You are here

Water and sustainable development

Mar 21,2015 - Last updated at Mar 21,2015

Today’s World Water Day is putting the spotlight on water and sustainable development.

The issue is very timely as the world community is transiting from the Millennium Development Goals to the new Sustainable Development Goals, up for adoption during the UN General Assembly in September this year.

We all use water, all the time. We use it for cleaning, washing and cooking, personal hygiene and for drinking.

Water is an essential resource that is used to energise all sectors of society, from basic food production to advanced industrial technologies.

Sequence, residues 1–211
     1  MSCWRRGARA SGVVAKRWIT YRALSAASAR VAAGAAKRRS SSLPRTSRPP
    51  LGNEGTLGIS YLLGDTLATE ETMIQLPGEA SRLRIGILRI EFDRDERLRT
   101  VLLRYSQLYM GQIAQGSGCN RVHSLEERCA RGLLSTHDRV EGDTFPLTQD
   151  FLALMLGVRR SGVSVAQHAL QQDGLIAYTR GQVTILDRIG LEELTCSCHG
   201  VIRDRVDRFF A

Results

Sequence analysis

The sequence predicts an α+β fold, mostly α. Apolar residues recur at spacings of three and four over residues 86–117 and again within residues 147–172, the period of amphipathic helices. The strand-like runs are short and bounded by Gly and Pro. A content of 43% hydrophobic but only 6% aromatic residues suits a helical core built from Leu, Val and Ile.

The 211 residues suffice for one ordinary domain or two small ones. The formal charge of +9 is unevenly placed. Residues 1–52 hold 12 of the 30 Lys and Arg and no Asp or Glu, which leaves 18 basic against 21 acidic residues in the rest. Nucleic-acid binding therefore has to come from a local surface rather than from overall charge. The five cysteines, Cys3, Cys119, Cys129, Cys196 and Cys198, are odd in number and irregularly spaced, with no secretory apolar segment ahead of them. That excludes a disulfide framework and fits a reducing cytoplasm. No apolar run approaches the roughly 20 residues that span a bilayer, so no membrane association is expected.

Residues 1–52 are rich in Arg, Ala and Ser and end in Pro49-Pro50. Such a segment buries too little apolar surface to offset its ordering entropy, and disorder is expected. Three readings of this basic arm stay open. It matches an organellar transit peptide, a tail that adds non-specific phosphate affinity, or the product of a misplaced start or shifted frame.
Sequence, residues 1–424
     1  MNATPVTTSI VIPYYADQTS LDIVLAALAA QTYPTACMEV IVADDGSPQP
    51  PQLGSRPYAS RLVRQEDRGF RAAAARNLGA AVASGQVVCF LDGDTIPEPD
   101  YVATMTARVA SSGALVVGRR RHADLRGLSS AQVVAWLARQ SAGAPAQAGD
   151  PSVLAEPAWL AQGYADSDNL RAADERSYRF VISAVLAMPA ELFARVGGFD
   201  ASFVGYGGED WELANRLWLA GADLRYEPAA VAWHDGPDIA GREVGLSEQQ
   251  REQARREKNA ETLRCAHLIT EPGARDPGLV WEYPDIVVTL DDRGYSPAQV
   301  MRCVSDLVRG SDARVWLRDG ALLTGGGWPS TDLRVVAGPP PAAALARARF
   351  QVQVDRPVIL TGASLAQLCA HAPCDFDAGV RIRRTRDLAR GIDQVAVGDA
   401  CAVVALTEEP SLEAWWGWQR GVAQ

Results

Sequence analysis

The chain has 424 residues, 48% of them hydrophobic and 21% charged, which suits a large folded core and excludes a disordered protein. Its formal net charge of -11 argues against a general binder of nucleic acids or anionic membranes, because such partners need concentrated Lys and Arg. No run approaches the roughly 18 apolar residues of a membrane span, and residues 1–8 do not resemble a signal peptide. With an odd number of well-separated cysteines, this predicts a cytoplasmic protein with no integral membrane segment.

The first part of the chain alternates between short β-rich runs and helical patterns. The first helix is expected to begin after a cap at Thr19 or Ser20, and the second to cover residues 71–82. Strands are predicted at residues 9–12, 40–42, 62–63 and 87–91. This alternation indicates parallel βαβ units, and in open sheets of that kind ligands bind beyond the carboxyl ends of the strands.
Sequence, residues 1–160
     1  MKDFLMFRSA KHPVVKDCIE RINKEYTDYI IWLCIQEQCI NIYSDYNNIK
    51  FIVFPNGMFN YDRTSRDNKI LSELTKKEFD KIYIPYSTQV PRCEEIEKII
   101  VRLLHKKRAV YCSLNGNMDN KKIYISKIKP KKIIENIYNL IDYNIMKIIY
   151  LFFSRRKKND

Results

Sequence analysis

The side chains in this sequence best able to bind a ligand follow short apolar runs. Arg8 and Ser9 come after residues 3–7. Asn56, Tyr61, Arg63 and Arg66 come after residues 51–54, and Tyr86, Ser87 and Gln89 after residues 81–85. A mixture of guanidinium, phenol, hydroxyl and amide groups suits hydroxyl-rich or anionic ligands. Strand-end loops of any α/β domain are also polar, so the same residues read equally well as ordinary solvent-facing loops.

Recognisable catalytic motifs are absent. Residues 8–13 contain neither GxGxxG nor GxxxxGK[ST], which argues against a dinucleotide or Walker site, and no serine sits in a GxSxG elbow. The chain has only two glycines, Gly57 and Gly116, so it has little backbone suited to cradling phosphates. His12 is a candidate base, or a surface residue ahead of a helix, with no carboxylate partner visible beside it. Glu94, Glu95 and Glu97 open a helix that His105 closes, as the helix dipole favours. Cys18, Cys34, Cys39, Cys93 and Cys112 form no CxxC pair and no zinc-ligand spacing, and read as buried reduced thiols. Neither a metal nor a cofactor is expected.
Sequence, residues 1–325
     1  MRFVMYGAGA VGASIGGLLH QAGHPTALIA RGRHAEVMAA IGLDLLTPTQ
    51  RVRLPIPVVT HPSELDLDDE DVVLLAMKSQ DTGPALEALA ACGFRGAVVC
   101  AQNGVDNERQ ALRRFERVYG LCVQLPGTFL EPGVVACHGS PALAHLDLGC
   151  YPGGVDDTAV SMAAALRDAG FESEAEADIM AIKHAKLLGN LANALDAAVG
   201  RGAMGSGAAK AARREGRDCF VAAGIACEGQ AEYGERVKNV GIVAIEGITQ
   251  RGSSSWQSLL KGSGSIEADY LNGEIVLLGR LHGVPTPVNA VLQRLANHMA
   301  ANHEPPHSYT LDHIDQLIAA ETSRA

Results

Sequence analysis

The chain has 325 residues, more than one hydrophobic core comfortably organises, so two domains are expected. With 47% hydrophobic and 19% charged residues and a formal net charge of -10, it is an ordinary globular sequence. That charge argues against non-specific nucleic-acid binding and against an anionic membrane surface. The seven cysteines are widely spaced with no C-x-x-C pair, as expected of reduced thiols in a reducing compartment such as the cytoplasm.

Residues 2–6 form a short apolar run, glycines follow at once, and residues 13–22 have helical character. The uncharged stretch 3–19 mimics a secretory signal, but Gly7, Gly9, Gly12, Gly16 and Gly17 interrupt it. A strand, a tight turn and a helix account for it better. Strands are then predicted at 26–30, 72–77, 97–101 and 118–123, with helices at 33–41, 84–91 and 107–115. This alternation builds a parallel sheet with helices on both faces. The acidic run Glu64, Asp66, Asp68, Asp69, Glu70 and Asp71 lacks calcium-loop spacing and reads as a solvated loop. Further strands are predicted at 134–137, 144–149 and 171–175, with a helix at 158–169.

With growing demand and pollution challenges, in parallel with increasing water scarcity, there is clearly a need to put water in focus for sustainable development.

Therefore, it comes as no surprise that the World Economic Forum this year identified water as the number one global risk.

Water scarcity, lack of sanitation and resulting obstacles to development constitute major challenges for the entire Middle East and North Africa region.

Jordanians know well the challenges that water scarcity brings to a country. Jordan is currently experiencing increased pressure on water resources, including from a growing population and hosting of a large number of refugees.

Sweden is a strong supporter of action on water and sustainable development. It supports a new Sustainable Development Goal on water to address challenges in a comprehensive way.

Over the last decade, Sweden has been working actively to support efforts to improve regional water management and to meet consequences of climate change in the MENA region.